Ubiquiti Networks enhanced its airVision2 video-surveillance, which includes airCam cameras, upgraded video-management software, and the new network video recorder.
airVision 2 package
Ubiquiti Networks has upgraded the software and added a new network video recorder to its IP video-surveillance solution, now dubbed airVision2. Launched about a year ago, the platform is targeted to enterprises such as hotels, restaurants, hospitals, schools and retail outlets.
The company decided to move into the enterprise video-surveillance space after watching what transpired with its AirMax solution, according to David Hsieh, chief marketing officer for Ubiquiti Networks, which was founded in 2005.
“We’re probably best known for AirMax, which is used primarily by wireless Internet service providers to establish fixed wireless broadband connectivity,” Hsieh said. “But we discovered that a lot of public-safety agencies and enterprises were using it for wireless video-surveillance.”
The airVision2 fixed-wireless platform comes complete with airCam cameras, video-management software, and the network video recorder, which features a 500 GB hard drive that can store 1,200 hours of video at 480p resolution, or 400 hours at 720p HD resolution.
The device is about the size of a paperback book and is pre-configured with all necessary software, which makes set-up a breeze, according to Hsieh.
“It’s the next step in making the deployment of video-surveillance technology as easy as possible,” he said. “You can take some cameras and this NVR, plug them in, and be up and running with a full video-surveillance system in a matter of minutes.”
The enhanced software offers the following new features:
- Automatic discovery, configuration and management of the cameras;
- Web access via iOS and Android tablets and phones;
- Use of the H.264 video-compression codec, for crisper video and enhanced storage efficiency;
- Camera-based motion detection; and
- Automatic, rules-based storage management.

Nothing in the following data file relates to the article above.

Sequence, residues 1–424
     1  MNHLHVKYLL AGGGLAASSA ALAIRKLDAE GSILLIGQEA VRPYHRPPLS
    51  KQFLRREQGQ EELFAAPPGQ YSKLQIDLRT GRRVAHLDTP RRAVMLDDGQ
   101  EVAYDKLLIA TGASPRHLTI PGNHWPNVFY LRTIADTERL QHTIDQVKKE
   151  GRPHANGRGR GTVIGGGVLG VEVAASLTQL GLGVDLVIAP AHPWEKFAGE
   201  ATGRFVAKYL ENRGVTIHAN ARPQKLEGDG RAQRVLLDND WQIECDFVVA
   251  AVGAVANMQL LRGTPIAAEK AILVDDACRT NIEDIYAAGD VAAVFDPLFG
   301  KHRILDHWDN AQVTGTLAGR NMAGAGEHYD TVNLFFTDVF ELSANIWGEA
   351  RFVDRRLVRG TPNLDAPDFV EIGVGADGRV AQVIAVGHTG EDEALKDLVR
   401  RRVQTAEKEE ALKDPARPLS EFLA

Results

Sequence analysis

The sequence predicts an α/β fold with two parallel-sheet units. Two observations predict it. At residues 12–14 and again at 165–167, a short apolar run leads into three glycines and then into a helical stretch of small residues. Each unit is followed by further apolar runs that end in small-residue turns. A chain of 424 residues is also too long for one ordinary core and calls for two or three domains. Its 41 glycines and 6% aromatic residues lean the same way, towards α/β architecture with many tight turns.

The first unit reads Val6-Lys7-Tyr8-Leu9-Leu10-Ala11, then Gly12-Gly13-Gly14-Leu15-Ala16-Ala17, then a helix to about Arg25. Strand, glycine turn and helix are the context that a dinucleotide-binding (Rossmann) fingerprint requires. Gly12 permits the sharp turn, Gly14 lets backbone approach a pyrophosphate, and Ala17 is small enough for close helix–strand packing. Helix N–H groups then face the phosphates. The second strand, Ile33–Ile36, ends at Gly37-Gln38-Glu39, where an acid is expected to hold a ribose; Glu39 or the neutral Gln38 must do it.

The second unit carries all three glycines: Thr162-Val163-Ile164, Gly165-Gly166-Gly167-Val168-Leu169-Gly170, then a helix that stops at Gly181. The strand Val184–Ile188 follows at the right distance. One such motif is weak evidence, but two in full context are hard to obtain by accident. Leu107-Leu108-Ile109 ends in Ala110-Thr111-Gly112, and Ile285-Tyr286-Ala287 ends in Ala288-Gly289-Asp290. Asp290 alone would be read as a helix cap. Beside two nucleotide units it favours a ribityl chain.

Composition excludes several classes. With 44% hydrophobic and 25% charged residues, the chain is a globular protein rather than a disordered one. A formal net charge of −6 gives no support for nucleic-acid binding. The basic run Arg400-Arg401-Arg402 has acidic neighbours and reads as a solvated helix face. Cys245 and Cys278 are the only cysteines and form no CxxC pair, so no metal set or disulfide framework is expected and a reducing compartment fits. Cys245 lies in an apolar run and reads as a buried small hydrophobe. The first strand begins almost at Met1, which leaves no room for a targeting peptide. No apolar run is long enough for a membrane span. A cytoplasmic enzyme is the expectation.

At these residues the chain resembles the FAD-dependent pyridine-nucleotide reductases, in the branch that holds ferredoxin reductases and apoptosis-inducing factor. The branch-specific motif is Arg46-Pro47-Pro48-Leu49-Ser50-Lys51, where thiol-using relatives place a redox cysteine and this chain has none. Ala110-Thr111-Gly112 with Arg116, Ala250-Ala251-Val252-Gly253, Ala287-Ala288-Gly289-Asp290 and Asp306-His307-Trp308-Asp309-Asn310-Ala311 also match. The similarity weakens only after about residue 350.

That the platform comes as a complete package is a key feature, according to Hsieh.
“The set-up is super easy—you don’t have to worry about drivers, and mixing and matching [multiple vendors’] equipment,” he said. “Everything comes as a turnkey, integrated system.”
While some organizations may prefer a best-of-breed approach, Ubiquiti has found that its customers tend to prefer an approach that not only is less costly, but also less complicated, Hsieh said.
“There are going to be people that will want to mix and match because of certain requirements that they have, and that’s a perfectly fine approach,” he said. “But it does add substantial complexity to a deployment and substantial cost.
“There also are people who prefer simplicity and lower cost. For example, a school may have security personnel, but they’re not going to have someone who is expert in video-surveillance technology. So, they’re going to want something that fits their purpose and their budget and something that they’re not going to have to fuss with a lot.”
Even though airVision2 is relatively simple to deploy, it could be part of a more complex security effort, because the video-surveillance system can be linked to Ubiquiti’s mFi machine-to-machine communications platform via an application programming interface, Hsieh said. For example, a hospital could deploy motion-detector sensors where pharmaceuticals are stored. When the sensors detect motion, they would trigger the cameras operation to capture who entered the room. Such an approach would be more efficient—the cameras wouldn’t need to run 24/7—and would still serve as a deterrent to theft.
But perhaps the best feature of the airVision2 solution is its “ridiculously affordable price,” Hsieh said, adding that the company can keep prices low because maintains a “very lean infrastructure.” That’s because it employs no internal sales people—all sales are handled by outside distributors.
“We provide megapixel, HD indoor cameras, and each of them are under a hundred dollars,” Hsieh said. “And we include our full-featured [video management system] software with our hardware. So, you don’t pay any additional license fees or subscription fees. When you buy a camera, you get this great software with it. It’s a highly affordable option.”